Day 5 - Edinburgh Fringe
Updated: Aug 20, 2019
I woke up after sleeping on my friend Tina's sofa surprisingly well. The benefit of being 5 foot 5, is that I can neatly compact into any sleeping area. Tina had her cast coming round for a line read, so I took a shower and then sat in her bedroom and did some work while they rehearsed in their living room. Forgetting that they were rehearsing, when a tense scene came up and I heard raised voices, I actually they were arguing among themselves. It's testament to their acting that I believed it. Damn they're good, I thought.
Tina was going to watch a show, so after she kindly gave me some breakfast, I went to the Fringe Central building to carry on working. I was a bit snowed under and wanted to catch up with admin, I had three interviews to edit and upload as well as my daily vlog and blog. This is where I have really done with an assistant.
I got a fair chunk of work done before taking myself to watch Tina's play. It had begun to rain, as so my umbrella made it's first appearance since I got here. I stupidly went to the wrong venue, thinking that the play was on at The Pleasance Courtyard, when it was actually at the Pleasance Dome, which meant I had to run. The play had just started so an usher took me around and let me in through the side exit and I discreetly took a seat at the back of the theatre to watch.
The play is called E8 and had been produced by The North Wall. I had read that it had been written by Marika Mckennell, a spoken word artist. I'll be honest, this filled me a little with dread as I'm not the biggest fan of spoken word. However the subject matter did interest me.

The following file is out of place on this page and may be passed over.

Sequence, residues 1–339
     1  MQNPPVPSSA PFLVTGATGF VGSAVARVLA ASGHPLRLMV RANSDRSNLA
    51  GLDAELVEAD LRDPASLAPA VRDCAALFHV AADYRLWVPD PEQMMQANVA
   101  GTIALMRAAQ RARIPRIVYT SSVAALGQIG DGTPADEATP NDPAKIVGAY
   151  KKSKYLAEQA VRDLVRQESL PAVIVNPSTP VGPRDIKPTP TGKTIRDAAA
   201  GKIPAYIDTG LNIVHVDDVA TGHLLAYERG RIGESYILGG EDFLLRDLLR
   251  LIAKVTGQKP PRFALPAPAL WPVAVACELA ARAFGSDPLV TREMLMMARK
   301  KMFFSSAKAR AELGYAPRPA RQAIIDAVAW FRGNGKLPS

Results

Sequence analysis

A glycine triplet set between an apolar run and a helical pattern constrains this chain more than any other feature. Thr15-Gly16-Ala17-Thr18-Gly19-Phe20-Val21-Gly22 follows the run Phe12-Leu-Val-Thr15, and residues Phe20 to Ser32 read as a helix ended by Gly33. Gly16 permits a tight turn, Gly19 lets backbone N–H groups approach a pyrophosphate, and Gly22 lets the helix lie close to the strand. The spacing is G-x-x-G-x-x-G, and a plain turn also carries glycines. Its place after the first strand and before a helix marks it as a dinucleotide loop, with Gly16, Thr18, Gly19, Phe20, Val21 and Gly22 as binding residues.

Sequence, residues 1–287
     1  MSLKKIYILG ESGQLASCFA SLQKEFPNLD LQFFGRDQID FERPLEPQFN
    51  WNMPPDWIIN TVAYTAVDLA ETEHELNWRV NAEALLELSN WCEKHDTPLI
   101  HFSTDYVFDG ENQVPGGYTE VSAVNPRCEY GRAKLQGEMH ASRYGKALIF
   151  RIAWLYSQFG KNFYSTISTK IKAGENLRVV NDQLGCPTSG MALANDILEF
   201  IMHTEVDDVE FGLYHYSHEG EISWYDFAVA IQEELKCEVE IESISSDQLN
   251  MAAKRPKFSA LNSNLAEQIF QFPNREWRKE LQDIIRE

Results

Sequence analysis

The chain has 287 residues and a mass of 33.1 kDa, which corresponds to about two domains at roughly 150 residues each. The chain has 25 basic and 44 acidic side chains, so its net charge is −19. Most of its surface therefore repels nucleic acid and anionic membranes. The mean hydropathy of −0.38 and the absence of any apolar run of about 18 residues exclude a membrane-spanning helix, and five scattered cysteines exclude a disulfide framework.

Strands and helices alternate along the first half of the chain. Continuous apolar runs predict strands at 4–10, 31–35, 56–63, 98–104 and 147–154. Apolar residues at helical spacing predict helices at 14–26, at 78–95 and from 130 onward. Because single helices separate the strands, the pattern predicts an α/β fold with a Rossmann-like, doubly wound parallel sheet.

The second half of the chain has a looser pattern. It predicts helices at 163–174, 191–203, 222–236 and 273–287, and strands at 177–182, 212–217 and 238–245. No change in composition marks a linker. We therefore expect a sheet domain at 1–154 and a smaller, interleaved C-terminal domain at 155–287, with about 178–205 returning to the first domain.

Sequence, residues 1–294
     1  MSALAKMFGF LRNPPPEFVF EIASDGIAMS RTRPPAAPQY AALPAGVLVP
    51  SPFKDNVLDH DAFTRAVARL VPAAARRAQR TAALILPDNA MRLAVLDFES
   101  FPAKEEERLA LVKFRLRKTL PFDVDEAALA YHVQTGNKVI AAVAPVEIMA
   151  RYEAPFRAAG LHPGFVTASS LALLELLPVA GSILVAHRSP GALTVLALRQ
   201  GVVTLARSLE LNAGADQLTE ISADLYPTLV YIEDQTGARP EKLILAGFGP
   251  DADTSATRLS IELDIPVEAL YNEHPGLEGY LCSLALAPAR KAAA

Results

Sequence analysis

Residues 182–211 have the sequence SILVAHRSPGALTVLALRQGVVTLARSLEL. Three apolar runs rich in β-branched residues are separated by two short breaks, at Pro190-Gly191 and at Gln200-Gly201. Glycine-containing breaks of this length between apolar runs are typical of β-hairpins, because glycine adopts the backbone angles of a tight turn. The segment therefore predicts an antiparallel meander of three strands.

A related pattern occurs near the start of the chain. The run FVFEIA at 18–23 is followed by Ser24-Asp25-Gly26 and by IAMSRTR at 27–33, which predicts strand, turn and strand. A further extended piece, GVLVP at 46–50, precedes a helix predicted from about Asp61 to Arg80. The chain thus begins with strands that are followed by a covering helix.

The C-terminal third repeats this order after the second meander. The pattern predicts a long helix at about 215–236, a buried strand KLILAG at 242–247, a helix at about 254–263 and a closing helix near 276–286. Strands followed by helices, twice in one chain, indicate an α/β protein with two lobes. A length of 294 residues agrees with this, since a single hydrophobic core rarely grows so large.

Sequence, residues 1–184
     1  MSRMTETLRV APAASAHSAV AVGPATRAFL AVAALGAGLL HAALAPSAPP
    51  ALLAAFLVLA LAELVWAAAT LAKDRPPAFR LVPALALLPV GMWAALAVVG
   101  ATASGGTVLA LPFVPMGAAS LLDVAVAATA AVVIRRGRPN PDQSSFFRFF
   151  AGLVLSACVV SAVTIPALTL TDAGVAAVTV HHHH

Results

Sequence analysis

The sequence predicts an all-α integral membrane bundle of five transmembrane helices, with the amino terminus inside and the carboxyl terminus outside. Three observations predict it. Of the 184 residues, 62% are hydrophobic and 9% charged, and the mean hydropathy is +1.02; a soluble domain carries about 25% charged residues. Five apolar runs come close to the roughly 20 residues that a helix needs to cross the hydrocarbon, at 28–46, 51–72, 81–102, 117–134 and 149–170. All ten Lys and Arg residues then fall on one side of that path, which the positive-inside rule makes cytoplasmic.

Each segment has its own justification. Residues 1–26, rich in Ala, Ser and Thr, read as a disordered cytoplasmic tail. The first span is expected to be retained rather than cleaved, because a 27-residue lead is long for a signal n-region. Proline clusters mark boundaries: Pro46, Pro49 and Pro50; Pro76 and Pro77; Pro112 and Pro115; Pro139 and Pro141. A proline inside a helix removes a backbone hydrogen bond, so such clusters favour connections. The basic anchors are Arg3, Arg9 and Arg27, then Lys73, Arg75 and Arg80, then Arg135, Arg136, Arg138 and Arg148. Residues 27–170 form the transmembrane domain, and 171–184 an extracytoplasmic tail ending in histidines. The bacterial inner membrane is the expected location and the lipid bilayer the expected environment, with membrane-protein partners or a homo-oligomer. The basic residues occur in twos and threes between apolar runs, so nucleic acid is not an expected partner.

Marika has written this play based on her own person experiences working in Alternative Provision Schools and Pupil Referral Units. It is a story about the young people who fall through the cracks in mainstream education.
My mother was a teacher, and a very good one, and for a time in her career she taught special needs and children with behavioural difficulties. I some times used to visit her at work and admired how good she was with her children. The show is directed by Ria Parry and produced by The North Wall Arts Centre and stars (my friend) Tina Chiang, Parys Jordan, Harry McMullen, and Alice Vilanculo.
The cast are all brilliant, especially Harry and Alice who skillfully play teenagers with a genuine authenticity. They are perfectly cast and masterfully switch between humour and anger.
The brilliance of this play, really is in the writing, which is so well observed yet superbly addresses a lot of social issues from the perspective of these characters so that it doesn't feel like they are preaching. The play provides an insight into young people in these situations and genuinely makes you think. I was very impressed.
E8 is on until 25th August https://tickets.edfringe.com/whats-on/e8
Tina had to run off after the show so I didn't get chance to see her to tell her how brilliant I thought she and the play were. I then made my way to Fringe Central to set up to interview the cast of I Wish My Life Were Like A Musical.
This was going to be an easy interview as I already knew the show, having seen it twice before in London, where my brother reviewed it at the Crazy Coq and I know the writer Alexander S. Bermange.